Poor Man’s Gambit blends Celtic, American folk
March is understandably the busiest time of the year for members of Poor Man’s Gambit, a trio of Celtic performing artists from the Lehigh Valley region of eastern Pennsylvania.
With plenty of St. Patrick’s Day celebrations on tap, band member Corey Purcell says “it’s great to be working musicians in a genre that has its own holiday.”
Poor Man’s Gambit will offer its blend of Celtic and American folk music at 7:30 p.m. March 9 at Hillman Center for the Performing Arts’ Peter J. Kountz Black Box Theater at Shady Side Academy Senior School, Fox Chapel.
The trio is comprised of Corey Purcell (button accordion, cittern, vocals, bodhran, dance), Federico Betti (guitar, fiddle) and Deirdre Lockman (fiddle, vocals, dance).
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“Most of what we do is traditional music with songs mostly from Ireland, and also from England and Scotland,” says Purcell, who grew up in the Allentown area.
His mother, a classically trained guitarist, and his father, a folk musician, introduced him to Irish culture at a young age. He started Irish step dancing at age 4 and competed for 14 years in local, national and international competitions.
Even though he focused his attention on music — particularly the Irish style button accordion — at age 16 and now performs as a solo artist and musician with Poor Man’s Gambit and a duo act, The Free Reeds with piano accordionist Rob Curto, Purcell still dances in concert performances.
Other members of the trio
Federico Betti grew up in Milan, Italy, where he first learned to play the fiddle, and lived in Ireland for 20 years, teaching and performing with various Irish musicians and bands. He moved with his family to Chalfont, Bucks County, Pa., in 2017 and became part of the Philadelphia Irish music community. He co-founded another traditional Irish music band, Maggie’s Boots, before joining Poor Man’s Gambit.
Deirdre Lockman, of Souderton, Montgomery County, also is from a musical family and started playing fiddle at age 4. She has performed with the Junior String Philharmonic, and the Lehigh University Philharmonic Orchestra, competed in fiddle competitions and holds several regional fiddle titles. She also competed at regional and national levels as an Irish step-dancer before concentrating on traditional music.
Poor Man’s Gambit currently is working on its third album, aiming for a release date later this year. Purcell says the group is traveling a lot, especially to venues in the northeast, including Pennsylvania, New York, Delaware and Connecticut. They also performed in November at the Austin Celtic Festival in Texas and will be playing at Celtic Fest, Harveysburg, Ohio in June.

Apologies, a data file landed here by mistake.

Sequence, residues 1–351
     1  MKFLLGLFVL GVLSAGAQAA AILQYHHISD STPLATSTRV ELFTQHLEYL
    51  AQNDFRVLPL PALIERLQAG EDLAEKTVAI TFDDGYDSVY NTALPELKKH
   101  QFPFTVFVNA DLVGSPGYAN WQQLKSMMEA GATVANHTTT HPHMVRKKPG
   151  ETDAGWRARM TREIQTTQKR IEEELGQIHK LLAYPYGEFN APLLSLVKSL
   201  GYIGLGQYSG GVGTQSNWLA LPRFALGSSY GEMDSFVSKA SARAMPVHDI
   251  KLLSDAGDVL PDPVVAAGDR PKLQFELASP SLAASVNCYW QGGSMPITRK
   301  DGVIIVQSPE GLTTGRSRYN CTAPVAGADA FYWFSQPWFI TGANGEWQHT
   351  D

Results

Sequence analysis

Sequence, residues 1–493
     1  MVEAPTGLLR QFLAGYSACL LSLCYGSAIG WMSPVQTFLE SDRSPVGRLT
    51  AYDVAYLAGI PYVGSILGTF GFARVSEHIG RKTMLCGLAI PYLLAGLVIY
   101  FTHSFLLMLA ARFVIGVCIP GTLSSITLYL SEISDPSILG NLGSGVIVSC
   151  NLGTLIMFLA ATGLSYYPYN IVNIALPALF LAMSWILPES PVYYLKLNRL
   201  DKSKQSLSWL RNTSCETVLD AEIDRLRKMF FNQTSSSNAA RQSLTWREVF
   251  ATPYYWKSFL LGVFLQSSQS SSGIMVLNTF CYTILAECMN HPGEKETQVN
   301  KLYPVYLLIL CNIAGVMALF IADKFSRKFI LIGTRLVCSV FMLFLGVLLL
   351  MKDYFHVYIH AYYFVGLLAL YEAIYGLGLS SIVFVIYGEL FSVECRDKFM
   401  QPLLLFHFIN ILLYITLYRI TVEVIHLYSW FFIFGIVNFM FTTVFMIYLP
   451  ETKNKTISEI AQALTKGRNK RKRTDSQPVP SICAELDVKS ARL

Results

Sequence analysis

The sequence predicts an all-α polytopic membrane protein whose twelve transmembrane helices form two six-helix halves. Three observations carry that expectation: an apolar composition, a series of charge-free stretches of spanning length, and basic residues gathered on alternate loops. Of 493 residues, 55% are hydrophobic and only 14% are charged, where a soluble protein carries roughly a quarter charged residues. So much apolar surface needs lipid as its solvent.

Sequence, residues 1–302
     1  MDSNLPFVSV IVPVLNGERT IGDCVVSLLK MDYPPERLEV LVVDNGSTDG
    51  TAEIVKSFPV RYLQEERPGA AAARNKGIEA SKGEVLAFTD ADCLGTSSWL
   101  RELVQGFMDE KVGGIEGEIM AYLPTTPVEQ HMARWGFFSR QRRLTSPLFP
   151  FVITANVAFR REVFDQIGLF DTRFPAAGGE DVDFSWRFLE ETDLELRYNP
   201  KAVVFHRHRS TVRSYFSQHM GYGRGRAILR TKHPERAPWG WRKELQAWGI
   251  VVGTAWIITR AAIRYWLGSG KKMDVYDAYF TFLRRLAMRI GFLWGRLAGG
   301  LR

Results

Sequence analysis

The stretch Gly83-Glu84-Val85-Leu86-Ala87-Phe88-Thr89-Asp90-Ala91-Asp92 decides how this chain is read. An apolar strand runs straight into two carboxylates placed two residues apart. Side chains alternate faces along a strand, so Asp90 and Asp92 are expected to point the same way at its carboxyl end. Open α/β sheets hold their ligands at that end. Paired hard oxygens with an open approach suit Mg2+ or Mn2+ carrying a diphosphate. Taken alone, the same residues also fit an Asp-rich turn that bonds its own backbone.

Inaugural season finale
Poor Man’s Gambit’s performance on March 9 at Shady Side Academy is the last show of the inaugural season for Hillman Performing Arts Black Box Series, which provides a more intimate theatrical setting for shows than its main stage series.
Christa Burneff, artistic director of Hillman Center for Performing Arts, says the band’s performance is a good way to close the series’ first season.
“With the introduction of the Black Box series this year, we were looking for a variety of musical acts that would be engaging and fun for an audience in a smaller setting,” she says. “Since we are close to St. Patrick’s Day, a Celtic style group is what we were hoping for — and Poor Man’s Gambit definitely fills the bill. They are fun, energetic and unique.”
Hillman’s Main Stage series has two remaining shows in its current series: The Amazing Max, an interactive magic show for all ages by Max Darwin, on March 16, and The Flying Karamozov Brothers juggling and comedy troupe on April 13. Both shows are at 7:30 p.m.
Burneff says programming for the 2019-20 Hillman Performing Arts season will be announced soon.
“I will say that the Black Box series will definitely be back,” she says, “and on the main stage you just might see a return act for the first time in our programming history. As always, next season is shaping up to be even better than this year and we can’t wait to share it with everyone.”
Candy Williams is a Tribune-Review contributing writer.